The following Competition guidance note Produced in partnership with Allen & Gledhill LLP provides comprehensive and up to date legal information covering:
A conversation with Daren Shiau, partner, and Elsa Chen Weifen, partner and chief economist at Singapore law firm Allen & Gledhill LLP, on key issues on merger control in Singapore.
NOTE–to see whether notification thresholds in Singapore and throughout the world are met, see Where to Notify.
The merger regime under the Competition Act, Chapter 50B of Singapore (the Competition Act) came into force in 2007. Since the start of the regime, the Competition and Consumer Commission of Singapore (the CCCS) has received over 70 merger control notifications, of which, 16 progressed to a Phase 2 review for complex mergers, three were granted conditional clearance subject to commitments, six were withdrawn by the merging parties.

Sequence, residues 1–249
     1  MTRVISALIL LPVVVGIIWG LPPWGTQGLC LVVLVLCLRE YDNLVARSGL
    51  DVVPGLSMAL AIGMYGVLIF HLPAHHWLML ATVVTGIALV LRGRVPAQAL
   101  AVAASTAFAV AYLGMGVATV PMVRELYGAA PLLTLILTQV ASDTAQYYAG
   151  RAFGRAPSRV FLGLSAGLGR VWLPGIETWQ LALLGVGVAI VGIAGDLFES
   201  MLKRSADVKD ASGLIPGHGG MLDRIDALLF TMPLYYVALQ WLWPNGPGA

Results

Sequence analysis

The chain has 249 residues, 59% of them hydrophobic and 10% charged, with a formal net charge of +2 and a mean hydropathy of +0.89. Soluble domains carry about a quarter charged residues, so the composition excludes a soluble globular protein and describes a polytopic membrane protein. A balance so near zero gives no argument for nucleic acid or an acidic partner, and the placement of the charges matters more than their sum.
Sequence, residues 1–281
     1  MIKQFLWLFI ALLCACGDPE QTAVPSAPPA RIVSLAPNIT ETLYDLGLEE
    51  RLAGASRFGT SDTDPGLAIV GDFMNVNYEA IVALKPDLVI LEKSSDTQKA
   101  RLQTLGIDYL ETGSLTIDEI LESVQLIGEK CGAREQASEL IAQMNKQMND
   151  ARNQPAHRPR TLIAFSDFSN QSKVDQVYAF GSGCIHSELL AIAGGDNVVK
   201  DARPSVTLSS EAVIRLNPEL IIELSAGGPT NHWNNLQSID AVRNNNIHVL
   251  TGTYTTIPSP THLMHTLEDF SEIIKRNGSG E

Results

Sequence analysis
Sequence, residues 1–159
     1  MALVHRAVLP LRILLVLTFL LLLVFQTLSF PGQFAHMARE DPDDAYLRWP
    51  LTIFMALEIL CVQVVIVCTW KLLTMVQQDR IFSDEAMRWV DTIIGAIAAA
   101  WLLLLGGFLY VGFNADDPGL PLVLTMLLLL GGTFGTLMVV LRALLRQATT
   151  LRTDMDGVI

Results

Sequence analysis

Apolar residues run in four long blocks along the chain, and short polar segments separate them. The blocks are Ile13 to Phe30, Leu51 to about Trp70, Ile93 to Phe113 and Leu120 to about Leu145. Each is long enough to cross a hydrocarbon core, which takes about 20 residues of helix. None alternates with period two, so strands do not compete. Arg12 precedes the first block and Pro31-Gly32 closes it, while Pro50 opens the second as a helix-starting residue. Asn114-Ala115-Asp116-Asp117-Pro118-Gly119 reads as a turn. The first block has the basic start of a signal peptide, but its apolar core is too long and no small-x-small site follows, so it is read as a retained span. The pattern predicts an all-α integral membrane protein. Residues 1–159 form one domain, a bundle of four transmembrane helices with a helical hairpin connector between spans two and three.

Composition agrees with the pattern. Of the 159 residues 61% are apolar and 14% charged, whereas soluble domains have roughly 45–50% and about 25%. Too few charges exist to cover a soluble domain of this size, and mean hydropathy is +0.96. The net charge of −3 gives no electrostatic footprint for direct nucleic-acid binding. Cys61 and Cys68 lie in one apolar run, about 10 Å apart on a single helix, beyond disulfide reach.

While the CCCS’ merger notification regime is voluntary, the CCCS has also been actively investigating transactions which have not been notified. Such investigations may be triggered by the CCCS through its horizon-scanning mechanism or by third party complaints. Most recently, the CCCS issued an infringement decision for an unnotified transaction in 2018. In the decision, the CCCS cited the failure to notify as an intentional or negligent infringement of Singapore competition laws, which cumulated
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